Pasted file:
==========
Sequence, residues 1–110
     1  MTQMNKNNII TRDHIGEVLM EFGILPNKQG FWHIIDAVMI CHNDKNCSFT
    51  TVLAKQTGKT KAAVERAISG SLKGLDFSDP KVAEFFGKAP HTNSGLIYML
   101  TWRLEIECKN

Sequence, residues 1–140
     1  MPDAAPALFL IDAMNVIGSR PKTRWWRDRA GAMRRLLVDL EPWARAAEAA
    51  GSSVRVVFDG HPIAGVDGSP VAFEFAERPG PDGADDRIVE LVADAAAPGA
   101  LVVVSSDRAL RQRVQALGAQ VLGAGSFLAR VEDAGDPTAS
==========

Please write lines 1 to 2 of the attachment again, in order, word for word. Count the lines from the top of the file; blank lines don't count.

Sequence, residues 1–110
     1  MTQMNKNNII TRDHIGEVLM EFGILPNKQG FWHIIDAVMI CHNDKNCSFT